Lynn-ear progression

SBU’s new lacrosse coach says he hopes to replicate his success in Division II for the Bonnies

By Joseph Phelan, staff writer, @jphelan13

Ryan Lynn grew up in Baldwinsville, N.Y., with a passion for the game of lacrosse. 

“I remember as a kid going to see lacrosse games with my dad,” said Lynn, St. Bonaventure University’s newly named head lacrosse coach. “I caught the fever.” 

That fever has been with him since then, and it is that same fever that has made him successful at the collegiate level. 

Lynn led Le Moyne, the No. 2-ranked Division II lacrosse team in 2011, advance to the NCAA Championship semifinals. As the Dolphins’ defensive coordinator, his team had the nation’s top scoring defense at 5.06 goals per game.

Though he was Le Moyne’s top assistant coach, Lynn said the family atmosphere made taking St. Bonaventure’s head coaching job an easy choice.

“From the administration to the girls on the team, I sensed a support system that made this job so attractive to me,” he said.  

As a former goalie, Lynn said he understands the importance of defense. The mastermind behind the Dolphins’ defensive attack, which ranked first among Division II teams in fewest goals allowed per game, said he will try to mimic similar results at the Division I level.

“When I look at offense, it all starts with a good defense,” he said. 

Lynn added everyone has a fresh start and is on the same level.

“It gives our players an opportunity to stand out,” he said.

Lynn said he is willing to make any and all necessary strides to make this team a more dynamic one. His goals are high, but they can be achieved.

“I will bring and teach everything I know,” said Lynn, a 2004 University of Buffalo and 2008 Buffalo State graduate. “To me, practice is the most important thing. Just being out there each day teaching is very rewarding.”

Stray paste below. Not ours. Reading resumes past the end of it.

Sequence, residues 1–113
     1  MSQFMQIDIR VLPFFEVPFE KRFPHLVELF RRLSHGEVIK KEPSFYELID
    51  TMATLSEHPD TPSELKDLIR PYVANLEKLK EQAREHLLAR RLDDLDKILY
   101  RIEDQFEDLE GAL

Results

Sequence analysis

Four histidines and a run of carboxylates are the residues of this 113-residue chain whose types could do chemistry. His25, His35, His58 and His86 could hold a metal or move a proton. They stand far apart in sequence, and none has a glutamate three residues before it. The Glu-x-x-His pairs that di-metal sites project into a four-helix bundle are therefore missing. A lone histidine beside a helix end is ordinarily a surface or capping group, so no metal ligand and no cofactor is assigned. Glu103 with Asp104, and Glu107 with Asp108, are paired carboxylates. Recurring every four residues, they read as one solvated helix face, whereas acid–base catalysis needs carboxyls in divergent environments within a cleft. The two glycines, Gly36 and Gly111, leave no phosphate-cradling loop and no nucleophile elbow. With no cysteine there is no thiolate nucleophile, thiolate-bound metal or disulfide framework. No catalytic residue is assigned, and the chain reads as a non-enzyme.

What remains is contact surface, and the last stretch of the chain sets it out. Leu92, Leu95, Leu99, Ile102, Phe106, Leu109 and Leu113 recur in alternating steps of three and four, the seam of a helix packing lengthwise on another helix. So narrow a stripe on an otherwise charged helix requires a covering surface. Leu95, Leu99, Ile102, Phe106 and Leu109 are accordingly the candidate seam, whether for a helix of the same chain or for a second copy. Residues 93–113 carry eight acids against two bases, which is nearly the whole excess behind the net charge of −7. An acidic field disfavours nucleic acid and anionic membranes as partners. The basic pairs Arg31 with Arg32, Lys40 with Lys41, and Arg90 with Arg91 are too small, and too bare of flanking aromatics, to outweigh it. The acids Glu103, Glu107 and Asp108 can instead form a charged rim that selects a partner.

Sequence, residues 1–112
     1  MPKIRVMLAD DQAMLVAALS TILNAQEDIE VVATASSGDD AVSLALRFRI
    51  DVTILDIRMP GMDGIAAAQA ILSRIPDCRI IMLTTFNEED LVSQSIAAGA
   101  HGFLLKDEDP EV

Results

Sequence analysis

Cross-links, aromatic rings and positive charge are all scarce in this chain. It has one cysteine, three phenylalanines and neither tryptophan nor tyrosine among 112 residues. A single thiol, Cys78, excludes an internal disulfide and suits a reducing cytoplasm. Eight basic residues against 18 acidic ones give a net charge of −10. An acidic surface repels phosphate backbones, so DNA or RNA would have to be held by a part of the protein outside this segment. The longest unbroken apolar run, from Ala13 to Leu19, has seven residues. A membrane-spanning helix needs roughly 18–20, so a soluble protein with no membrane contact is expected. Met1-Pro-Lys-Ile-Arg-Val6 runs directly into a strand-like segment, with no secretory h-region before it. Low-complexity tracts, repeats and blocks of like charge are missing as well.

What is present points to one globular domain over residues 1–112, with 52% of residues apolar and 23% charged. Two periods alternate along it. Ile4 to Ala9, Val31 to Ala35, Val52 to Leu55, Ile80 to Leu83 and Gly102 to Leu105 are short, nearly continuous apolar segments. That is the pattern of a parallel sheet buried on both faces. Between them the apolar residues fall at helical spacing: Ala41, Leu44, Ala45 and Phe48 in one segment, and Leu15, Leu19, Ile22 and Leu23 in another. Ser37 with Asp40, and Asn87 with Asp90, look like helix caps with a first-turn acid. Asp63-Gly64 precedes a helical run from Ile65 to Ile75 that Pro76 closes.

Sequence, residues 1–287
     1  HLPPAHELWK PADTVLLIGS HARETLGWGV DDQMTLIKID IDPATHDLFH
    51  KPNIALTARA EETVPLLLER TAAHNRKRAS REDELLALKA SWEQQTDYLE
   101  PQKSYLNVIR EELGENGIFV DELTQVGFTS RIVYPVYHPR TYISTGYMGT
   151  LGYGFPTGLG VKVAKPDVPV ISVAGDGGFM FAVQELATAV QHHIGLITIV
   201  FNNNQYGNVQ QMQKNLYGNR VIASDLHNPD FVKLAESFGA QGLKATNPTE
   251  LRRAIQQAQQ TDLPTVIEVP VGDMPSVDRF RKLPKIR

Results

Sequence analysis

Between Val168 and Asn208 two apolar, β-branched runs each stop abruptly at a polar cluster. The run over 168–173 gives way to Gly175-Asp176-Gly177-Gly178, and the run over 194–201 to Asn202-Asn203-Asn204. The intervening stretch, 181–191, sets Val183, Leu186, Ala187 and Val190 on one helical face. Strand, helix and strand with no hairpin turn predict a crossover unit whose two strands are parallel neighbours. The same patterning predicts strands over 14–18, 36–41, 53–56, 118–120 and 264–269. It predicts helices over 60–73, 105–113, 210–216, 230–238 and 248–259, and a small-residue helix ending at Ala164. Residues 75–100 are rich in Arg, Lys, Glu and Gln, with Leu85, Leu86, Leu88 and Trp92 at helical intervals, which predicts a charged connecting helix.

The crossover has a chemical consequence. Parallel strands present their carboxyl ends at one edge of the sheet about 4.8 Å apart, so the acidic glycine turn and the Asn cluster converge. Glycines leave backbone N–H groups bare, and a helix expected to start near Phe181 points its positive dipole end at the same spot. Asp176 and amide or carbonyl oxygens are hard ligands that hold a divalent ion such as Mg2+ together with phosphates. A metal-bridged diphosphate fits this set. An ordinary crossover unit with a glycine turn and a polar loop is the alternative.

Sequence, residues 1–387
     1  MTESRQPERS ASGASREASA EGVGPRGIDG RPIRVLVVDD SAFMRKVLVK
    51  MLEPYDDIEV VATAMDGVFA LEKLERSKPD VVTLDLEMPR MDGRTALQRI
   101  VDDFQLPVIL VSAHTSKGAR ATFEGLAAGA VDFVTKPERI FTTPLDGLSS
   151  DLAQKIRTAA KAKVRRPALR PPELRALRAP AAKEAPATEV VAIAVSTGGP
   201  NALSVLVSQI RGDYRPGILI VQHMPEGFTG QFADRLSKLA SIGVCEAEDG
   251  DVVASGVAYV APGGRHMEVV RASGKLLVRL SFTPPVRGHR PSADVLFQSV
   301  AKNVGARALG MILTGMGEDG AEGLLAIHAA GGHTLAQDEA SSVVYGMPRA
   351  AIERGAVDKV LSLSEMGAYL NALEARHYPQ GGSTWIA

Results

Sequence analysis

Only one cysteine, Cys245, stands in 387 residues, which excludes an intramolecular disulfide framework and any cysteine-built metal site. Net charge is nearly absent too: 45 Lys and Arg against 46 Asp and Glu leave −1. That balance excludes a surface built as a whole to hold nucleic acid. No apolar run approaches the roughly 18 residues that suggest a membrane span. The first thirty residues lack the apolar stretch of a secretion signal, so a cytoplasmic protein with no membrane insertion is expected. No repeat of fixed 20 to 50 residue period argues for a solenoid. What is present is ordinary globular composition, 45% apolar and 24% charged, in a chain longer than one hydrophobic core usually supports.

Lynn replaces Christy Malone, who accepted an administrative position in higher education at Division III Neumann University in Aston, Pa. Christine Hanley, a ’11 alumna and the university’s career goals scored leader, will help coach the offensive attack as Lynn’s graduate assistant. 

Lynn said he understands that it might take time, but is up for the challenge in turning around a team that went 6-9, 2-5 in Atlantic 10 Conference, a year ago.

“Getting to the A10 Championship, winning the championship, qualifying for the NCAAs, and be able to compete at the national level is where we aim to be,” Lynn said.

phelanjc11@bonaventure.edu

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Captains’ magical touch

The only recruiting class by coach Christy Malone to stay all four years made the university’s lacrosse program a force

By Tony Lee, editor in chief, @sHecKii

ST. BONAVENTURE (March 10) — Christine Hanley, Catie Greene and Jill Remick entered the university as head lacrosse coach Christy Malone’s freshmen recruits.

Three years later, they leave as the catalyst that made St. Bonaventure University’s lacrosse program relevant again. 

“They are really the group that set the whole foundation down and really laid the tracks for (future) teams to follow,” Malone said. “I think they’re a huge part of my career and a huge part for the lacrosse program here at Bonaventure.”

Whether its Greene’s perfect 4.0 GPA or Hanley’s Atlantic 10 Conference awards, Malone said the senior captains have became the epitome of athletes teammates not only want to be around but model after.

Malone said Greene, Hanley and Remick, who was accepted into George Washington’s medical program, are the only athletes she has coached all four years. 

“I think they are the only (recruiting) class that really got me,” she said. “I do cherish that they saw the vision I had from freshman year and they still stuck with me until senior year.”